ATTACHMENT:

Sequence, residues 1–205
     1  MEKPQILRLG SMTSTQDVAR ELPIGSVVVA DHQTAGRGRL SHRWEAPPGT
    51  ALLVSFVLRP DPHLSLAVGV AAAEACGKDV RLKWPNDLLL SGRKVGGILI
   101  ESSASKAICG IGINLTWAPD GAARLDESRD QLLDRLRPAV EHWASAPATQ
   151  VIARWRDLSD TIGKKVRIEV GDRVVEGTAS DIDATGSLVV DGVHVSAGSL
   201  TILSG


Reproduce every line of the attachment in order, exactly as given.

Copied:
Sequence, residues 1–205
     1  MEKPQILRLG SMTSTQDVAR ELPIGSVVVA DHQTAGRGRL SHRWEAPPGT
    51  ALLVSFVLRP DPHLSLAVGV AAAEACGKDV RLKWPNDLLL SGRKVGGILI
   101  ESSASKAICG IGINLTWAPD GAARLDESRD QLLDRLRPAV EHWASAPATQ
   151  VIARWRDLSD TIGKKVRIEV GDRVVEGTAS DIDATGSLVV DGVHVSAGSL
   201  TILSG